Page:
[ExI] How not to make a thought experiment
jonkc at bellsouth.net
Thu Feb 4 16:51:20 UTC 2010
On Feb 3, 2010 Gordon Swobe wrote:
> Many things aside from symbols can consistently and systematically change the state of the symbol reader.
Like what? And if it consistently and systematically changes the state of the symbol reader exactly what additional quality do these "many things" have that disqualifies them as being symbols?
> This wikipedia definition seems better:
> "A symbol is something such as an object, picture, written word, sound, or particular mark that represents something else by association
Rather like a hole in a particular place on a punch card, and its association to a particular column in a punch card reader.
> I take that as a confirmation of your earlier assertion that brains made of beer cans and toilet paper can have consciousness provided those beer cans squirt the correct neurotransmitters between themselves at the correct times.
> This suggests to me that your ideology has a firmer grip on your thinking that does your sense of the absurd, and that no reductio ad absurdum argument will find traction with you.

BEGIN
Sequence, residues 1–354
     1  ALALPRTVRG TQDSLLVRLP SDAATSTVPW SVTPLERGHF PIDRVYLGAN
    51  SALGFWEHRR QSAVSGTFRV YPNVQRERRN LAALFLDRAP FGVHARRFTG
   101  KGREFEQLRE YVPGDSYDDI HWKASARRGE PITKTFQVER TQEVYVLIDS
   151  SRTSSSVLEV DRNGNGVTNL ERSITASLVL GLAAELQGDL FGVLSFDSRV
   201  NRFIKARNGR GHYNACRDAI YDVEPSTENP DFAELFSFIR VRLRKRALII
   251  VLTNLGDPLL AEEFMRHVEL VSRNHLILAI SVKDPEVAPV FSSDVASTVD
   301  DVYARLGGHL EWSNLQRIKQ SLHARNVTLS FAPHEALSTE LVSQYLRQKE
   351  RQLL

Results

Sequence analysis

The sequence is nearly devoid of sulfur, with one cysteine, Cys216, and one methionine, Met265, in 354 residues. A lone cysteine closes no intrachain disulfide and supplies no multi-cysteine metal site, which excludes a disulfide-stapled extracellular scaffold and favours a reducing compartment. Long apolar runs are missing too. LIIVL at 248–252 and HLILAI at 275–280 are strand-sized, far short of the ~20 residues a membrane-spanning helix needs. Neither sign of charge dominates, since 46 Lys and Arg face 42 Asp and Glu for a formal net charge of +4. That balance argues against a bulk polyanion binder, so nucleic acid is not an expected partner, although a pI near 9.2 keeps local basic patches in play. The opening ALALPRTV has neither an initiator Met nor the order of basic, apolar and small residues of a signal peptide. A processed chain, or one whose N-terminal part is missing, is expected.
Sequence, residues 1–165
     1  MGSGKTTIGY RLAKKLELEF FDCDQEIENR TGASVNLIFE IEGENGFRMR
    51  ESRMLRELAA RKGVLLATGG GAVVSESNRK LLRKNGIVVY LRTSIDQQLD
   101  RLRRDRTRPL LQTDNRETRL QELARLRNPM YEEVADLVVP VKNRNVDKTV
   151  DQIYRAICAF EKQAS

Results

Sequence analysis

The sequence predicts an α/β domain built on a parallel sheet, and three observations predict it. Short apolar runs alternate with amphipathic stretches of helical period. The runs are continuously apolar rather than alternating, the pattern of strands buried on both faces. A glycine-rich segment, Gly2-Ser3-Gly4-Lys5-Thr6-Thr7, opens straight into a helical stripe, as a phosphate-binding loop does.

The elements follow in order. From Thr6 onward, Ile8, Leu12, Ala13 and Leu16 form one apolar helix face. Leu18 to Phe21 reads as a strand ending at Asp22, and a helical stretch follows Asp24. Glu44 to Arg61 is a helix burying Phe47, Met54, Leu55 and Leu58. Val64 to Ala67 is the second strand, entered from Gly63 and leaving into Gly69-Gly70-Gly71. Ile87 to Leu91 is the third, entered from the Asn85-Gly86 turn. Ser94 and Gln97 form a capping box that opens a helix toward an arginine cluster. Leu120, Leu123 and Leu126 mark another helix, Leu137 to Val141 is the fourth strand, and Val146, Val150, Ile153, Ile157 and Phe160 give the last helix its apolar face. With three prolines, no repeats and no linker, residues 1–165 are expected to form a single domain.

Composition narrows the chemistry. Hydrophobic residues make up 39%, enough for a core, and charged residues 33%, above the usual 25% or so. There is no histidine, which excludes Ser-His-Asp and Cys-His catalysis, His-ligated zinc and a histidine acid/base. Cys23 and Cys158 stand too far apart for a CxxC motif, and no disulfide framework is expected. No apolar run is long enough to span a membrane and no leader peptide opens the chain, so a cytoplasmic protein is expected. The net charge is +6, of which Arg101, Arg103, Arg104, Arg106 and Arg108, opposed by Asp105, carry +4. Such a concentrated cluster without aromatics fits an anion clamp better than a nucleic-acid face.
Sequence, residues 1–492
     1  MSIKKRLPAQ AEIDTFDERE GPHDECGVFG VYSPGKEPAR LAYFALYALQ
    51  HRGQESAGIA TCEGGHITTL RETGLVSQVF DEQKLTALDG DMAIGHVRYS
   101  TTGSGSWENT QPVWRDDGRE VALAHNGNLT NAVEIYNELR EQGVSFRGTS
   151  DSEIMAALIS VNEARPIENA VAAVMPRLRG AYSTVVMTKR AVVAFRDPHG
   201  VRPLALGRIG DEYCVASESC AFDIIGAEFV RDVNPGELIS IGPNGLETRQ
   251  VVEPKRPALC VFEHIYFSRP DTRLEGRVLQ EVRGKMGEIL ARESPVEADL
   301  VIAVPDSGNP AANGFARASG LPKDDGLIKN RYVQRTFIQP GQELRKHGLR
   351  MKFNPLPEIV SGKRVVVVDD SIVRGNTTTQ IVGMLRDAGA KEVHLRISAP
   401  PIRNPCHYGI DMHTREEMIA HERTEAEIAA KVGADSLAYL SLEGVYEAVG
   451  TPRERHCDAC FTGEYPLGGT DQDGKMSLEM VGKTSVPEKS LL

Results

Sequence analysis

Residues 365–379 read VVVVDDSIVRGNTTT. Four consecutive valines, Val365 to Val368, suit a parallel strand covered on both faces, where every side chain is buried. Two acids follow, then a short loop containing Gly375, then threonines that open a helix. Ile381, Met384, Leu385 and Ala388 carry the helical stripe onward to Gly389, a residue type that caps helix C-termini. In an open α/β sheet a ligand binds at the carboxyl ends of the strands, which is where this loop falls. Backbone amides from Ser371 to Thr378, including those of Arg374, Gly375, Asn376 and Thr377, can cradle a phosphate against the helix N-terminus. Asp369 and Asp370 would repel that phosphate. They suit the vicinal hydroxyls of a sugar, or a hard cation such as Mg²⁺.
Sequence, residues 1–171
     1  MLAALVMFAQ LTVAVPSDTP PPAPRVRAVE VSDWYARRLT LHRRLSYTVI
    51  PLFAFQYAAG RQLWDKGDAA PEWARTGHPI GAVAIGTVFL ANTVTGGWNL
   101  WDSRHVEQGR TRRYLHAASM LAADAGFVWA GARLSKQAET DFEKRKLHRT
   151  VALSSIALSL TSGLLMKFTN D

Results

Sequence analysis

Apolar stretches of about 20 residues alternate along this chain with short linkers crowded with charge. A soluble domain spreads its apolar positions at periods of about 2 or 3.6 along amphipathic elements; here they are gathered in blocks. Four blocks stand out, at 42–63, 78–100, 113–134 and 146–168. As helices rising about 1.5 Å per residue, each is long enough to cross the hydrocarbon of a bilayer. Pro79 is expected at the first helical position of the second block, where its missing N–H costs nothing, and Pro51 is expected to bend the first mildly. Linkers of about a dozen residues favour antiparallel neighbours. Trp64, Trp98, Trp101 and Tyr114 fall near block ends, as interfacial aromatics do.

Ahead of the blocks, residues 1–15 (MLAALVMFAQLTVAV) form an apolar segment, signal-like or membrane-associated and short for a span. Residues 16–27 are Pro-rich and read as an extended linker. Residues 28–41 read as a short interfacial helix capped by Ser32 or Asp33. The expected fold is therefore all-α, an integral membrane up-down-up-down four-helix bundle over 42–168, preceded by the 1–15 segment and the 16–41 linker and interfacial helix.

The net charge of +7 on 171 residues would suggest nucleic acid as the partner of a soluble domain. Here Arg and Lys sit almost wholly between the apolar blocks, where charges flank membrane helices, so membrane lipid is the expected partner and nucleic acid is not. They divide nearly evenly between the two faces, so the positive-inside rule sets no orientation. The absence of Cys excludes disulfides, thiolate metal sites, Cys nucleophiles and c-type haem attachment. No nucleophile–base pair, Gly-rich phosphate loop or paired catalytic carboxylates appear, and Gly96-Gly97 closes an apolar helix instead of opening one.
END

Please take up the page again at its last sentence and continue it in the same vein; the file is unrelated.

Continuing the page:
Before you use a reductio ad absurdum argument you must be certain it's logically contradictory, just being odd is not good enough.
> I find it ironic that you try to use reductio ad absurdum arguments with me given that you have apparently inoculated yourself against them.
It seems odd to us for beer cans and toilet paper to be conscious but in a beer can world it would seem equally odd for 3 pounds of grey goo to be conscious. Neither is logically contradictory.
> I have no interest in magic.
I'm sure you tell yourself that and I'm sure you believe it, but I don't believe it. Grey goo has magic but beer cans computers and toilet paper don't, despite all the talk of semantics and syntax that is the heart of your argument.
> I contend only that software/hardware systems as we conceive of them today cannot have subjective mental contents
And how did you learn of this very interesting fact? You certainly didn't prove it mathematically or find it in the fossil record, you must have learned of it magically. A magic stronger than Darwin.
John K Clark
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